Competition and dealership agglomeration in new car markets
The theoretical literature addressing firm agglomeration is rich and varied. Yet few empirical studies have been published. This article investigates the impact of competition on dealership agglomeration in new car markets in the United States. The driving distance between Dodge and Ford dealerships is used as a proxy for the extent of market agglomeration. The number of new car dealers, used car dealers and automotive service facilities are included to measure the extent of competition in the market. Both the land area and the population of the county are used as measures of market size. The geographical dimension for the market is taken to be the county, with counties included in multi-county Metropolitan Statistical Areas (MSAs) excluded from the study. The empirical results provide no support for the expectation that competition drives agglomeration.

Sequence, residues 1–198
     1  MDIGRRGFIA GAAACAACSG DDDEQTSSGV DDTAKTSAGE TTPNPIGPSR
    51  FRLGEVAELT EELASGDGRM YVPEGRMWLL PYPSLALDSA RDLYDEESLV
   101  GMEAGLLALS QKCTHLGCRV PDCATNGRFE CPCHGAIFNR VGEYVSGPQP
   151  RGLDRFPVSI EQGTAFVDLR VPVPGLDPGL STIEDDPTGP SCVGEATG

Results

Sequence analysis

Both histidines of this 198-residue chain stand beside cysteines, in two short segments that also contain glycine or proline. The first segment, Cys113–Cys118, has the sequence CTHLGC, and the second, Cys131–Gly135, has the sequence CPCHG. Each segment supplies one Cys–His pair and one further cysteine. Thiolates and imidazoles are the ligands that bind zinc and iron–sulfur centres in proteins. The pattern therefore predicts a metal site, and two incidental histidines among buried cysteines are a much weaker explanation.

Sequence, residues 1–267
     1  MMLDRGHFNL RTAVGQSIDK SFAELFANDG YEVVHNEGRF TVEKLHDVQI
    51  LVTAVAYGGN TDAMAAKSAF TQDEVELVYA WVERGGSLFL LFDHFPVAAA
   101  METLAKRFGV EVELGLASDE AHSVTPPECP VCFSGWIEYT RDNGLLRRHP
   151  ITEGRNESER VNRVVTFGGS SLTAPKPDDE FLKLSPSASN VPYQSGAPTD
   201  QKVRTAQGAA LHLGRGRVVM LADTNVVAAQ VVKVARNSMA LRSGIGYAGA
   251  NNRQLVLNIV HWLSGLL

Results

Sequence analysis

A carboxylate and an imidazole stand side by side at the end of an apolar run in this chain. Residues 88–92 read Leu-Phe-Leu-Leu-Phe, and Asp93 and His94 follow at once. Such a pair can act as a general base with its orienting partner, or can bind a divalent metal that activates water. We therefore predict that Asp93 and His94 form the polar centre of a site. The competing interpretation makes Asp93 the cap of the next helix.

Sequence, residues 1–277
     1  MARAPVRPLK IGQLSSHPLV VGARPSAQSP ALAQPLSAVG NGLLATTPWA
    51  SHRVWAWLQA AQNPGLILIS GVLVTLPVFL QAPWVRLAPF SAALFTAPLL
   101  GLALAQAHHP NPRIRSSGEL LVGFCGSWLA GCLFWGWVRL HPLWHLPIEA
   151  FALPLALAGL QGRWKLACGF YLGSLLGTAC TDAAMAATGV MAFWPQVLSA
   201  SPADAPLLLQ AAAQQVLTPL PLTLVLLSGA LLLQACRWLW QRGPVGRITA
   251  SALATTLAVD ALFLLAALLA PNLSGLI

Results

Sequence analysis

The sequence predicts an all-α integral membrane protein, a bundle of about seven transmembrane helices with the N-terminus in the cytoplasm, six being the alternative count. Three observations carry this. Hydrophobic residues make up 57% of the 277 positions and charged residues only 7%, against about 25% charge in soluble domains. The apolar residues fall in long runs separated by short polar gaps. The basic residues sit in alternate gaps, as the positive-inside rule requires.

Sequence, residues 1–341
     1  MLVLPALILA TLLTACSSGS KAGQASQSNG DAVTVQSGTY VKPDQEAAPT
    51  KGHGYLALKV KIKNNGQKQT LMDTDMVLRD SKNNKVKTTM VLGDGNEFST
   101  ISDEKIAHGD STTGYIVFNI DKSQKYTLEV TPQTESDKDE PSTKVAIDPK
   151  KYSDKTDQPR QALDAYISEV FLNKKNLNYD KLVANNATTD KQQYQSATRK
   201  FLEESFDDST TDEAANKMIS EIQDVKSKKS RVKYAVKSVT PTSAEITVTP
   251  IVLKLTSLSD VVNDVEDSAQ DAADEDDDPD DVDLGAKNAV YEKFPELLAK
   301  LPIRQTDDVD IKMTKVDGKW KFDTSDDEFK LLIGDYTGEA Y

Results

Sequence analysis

Volume (Year): 18 (2011)
Issue (Month): 13 ()
|Contact details of provider:|| Web page: http://www.tandfonline.com/RAEL20|
|Order Information:||Web: http://www.tandfonline.com/pricing/journal/RAEL20|
When requesting a correction, please mention this item's handle: RePEc:taf:apeclt:v:18:y:2011:i:13:p:1279-1283. See general information about how to correct material in RePEc.
For technical questions regarding this item, or to correct its authors, title, abstract, bibliographic or download information, contact: (Michael McNulty)
If references are entirely missing, you can add them using this form.